SANTA FE, N.M. (KRQE) – No jail time for all but one of the protesters charged in connection with the toppling of the Santa Fe Plaza obelisk. Most of the protesters charged were offered and took a plea deal.
In October, the 150-year-old controversial obelisk was torn down by protesters in a matter of minutes. After charges slowly trickled in as police identified protesters. Out of dozens of people at the Plaza that day, eight were ultimately charged. Thursday morning, court paperwork was filed showing that seven out of the eight people took a plea deal and will avoid jail time.
Lawyers for the seven defendants pointed out in the filings that the obelisk, originally erected to honor union soldiers who died in battle, was oppressive to Native Americans. An engraving on the obelisk referred to Native Americans as “savages.”
As part of the plea deal, the defendants will take part in a mitigation program that will bring together those in the community who felt harmed by the loss of the obelisk and those who felt the monument’s presence was representative of a longstanding, traumatic history.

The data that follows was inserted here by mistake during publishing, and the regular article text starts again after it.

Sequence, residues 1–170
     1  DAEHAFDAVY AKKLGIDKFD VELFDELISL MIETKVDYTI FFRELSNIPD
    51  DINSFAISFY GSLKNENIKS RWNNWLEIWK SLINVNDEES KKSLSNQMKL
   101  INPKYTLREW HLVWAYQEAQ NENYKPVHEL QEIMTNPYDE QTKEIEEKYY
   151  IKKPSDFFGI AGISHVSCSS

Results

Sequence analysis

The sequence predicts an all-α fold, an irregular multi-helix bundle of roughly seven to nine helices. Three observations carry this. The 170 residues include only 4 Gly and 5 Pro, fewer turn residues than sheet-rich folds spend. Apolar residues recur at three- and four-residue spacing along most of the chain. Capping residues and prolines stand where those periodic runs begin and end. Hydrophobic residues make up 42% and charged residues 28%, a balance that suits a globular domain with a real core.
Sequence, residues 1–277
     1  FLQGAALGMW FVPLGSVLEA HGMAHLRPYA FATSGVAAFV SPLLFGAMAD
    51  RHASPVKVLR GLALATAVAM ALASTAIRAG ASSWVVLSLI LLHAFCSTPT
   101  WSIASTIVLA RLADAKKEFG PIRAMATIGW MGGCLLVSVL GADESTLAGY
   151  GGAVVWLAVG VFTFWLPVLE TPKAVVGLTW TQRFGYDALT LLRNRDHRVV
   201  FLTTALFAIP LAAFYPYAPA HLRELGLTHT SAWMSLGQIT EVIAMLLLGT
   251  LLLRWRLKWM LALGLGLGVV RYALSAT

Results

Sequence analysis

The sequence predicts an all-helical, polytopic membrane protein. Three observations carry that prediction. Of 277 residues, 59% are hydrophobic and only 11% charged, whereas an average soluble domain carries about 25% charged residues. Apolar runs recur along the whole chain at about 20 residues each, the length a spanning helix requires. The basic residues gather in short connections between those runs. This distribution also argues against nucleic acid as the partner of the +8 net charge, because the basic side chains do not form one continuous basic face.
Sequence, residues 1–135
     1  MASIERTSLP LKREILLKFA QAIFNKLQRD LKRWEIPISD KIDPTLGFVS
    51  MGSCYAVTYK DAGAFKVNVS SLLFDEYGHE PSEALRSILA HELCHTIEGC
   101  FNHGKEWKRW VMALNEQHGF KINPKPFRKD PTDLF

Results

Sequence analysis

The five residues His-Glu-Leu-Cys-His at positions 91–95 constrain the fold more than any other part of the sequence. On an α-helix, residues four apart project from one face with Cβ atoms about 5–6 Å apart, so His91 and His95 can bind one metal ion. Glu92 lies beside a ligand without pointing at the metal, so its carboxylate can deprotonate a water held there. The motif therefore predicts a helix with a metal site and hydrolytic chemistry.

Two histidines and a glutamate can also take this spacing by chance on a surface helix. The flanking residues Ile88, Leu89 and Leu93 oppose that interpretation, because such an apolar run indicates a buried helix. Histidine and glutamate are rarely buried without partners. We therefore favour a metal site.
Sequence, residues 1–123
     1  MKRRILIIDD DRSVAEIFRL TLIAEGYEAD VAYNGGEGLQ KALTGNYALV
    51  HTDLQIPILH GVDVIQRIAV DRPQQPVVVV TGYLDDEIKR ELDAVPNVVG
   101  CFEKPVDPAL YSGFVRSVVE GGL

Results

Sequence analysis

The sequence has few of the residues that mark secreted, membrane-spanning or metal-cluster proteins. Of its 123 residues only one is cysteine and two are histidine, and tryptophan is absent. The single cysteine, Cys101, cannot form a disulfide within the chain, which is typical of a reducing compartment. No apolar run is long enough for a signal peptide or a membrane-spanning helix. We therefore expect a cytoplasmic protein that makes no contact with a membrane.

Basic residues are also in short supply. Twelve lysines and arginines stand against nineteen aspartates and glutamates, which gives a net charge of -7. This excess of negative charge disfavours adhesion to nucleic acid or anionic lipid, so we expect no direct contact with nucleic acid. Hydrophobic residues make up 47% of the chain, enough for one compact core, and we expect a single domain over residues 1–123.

That program will last at least six months. However, the group, Union Protectiva de Santa Fe, is not satisfied with the deal. The group was created to “preserve the language and culture of Santa Fe for descendants of Spanish colonizers.”
“The district attorney, another newcomer, comes over here and tries to change our history and our culture and that’s not right. What does she do? She gives them a slap on the hand and she lets them go,” said Virgil Vigil, of Union Protectiva de Santa Fe.
Santa Fe District Attorney Mary Carmackaltweis is a University of New Mexico law school graduate.
Carmack-Altwies says, “It was my promise upon assuming this position that our office would do our best to divert non-violent and first-time offenders from costly and unnecessary incarceration. The Obelisk case defendants meet the criteria I set out for diversionary programming. We have reached a resolution after months of careful investigation and negotiation between defendants, their attorneys, and my office that ensures justice while working toward community healing.”
The court filings also point out that all of the seven defendants are eligible for a pre-prosecution diversion program because none of them have a prior felony conviction. It’s not clear why the eighth defendant did not accept the plea deal or where his case will head now.
As part of the plea deals, the district attorney’s office will put $1,500 in a fund and so will all the defendants to help with the ‘restorative process.’